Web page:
Earlier this month, the Muslim Brotherhood took the unusual step of issuing an official statement decrying the fake news created to demonise the movement. This came after some sections of the media invented a story saying that the remnants of the Brotherhood in Egypt had announced “the militarisation of its movement against the military coup and that it has decided to resort to violence.”

“The General Office of the Muslim Brotherhood,” the group explained, “and all the departments affiliated with it, would like to stress that the group’s position as announced in February 2014, and which has been endorsed by the new Shura Council that was elected in the middle of this past December, of adhering to the revolutionary path in order to break the coup does not mean ‘militarising the revolution’ or heading toward violence.”

This simply means that the Brotherhood “is endeavouring to possess the tools necessary for achieving victory, in their all-encompassing definitions, based on civil resistance that peoples around the world legitimately resort to and that is supported by all the resolutions of international legitimacy in order to get rid of military dictatorship and win their freedom and dignity. This is a path that free nations cannot afford to do without in their endeavour to protect their gains and inflict defeat on the real terrorism that is being nurtured by the despotism of repressive regimes.”

The Muslim Brotherhood’s commitment to bringing about change in such a troubled region as the Middle East through non-violent means should be commended and welcomed by any and all reasonable people, including those in Washington. However, it seems that the explicit statement is already being ignored by Trump’s advisors. Somebody needs to tell the new US president that his people are lying to him about the threat posed by the Muslim Brotherhood, both in America and overseas.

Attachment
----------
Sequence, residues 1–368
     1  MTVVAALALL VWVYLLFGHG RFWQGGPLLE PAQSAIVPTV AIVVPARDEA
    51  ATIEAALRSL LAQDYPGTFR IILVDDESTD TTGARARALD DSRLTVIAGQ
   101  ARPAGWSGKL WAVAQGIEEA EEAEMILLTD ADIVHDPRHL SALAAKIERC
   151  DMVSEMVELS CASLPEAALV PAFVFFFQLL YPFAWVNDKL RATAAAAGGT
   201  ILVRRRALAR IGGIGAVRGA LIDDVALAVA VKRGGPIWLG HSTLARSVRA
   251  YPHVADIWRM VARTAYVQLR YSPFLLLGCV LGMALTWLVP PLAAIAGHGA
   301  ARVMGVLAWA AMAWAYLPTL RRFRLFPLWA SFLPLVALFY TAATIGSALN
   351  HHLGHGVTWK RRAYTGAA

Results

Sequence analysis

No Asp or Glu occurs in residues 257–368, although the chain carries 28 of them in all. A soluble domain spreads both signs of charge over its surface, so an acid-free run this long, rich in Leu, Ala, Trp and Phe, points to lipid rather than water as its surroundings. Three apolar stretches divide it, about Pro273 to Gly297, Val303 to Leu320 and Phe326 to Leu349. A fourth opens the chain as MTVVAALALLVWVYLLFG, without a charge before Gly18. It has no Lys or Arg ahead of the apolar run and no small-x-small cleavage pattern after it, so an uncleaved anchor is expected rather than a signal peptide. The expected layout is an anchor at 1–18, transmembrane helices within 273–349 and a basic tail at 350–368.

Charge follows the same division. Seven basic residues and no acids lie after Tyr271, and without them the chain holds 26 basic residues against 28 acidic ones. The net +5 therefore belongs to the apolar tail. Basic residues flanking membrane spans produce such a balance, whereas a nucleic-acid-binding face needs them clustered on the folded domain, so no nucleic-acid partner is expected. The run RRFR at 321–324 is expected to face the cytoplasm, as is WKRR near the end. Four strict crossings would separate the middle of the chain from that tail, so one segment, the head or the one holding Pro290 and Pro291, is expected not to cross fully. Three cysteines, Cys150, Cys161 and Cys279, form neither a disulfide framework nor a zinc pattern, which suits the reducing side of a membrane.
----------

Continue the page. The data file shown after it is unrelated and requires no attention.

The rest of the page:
When dictatorships and rogue states that do not encourage freedom of speech, such as Syria, Saudi Arabia, the United Arab Emirates and Russia, have outlawed the Muslim Brotherhood it should be obvious that this indicates that the movement stands for the sort of values despised by such regimes and trumpeted — no pun intended — by the US and other Western states.

After the Muslim Brotherhood was swept into power in Egypt and Mohamed Morsi become its first democratically-elected leader it sent shock waves throughout the region. If freedom and democracy could come to Egypt, it was believed, then it could happen anywhere; that is why unelected regional heads of state set about spending billions of petrodollars to destabilise the Arab Spring and undermine the fledgling Morsi government in Cairo.

The result is that Egypt’s only democratically-elected president is now languishing in a Cairo hell-hole of a prison under sentence of death. Over the past three and a half years he has been joined by thousands of other political prisoners from the now banned Brotherhood. The Egyptian economy is in a mess and the government of coup leader Abdel Fattah Al-Sisi is propped up by foreign aid.

Ted Cruz’s bill requiring the US State Department to declare the Muslim Brotherhood as a “foreign terrorist organisation” looks very likely to become law just months after outgoing US President Barak Obama hosted a meeting with some senior members of the movement in Washington. A press release from the Texas senator claims that the Brotherhood “espouses a violent Islamist ideology with a mission of destroying the West”, which is contradicted completely by the group’s own statement.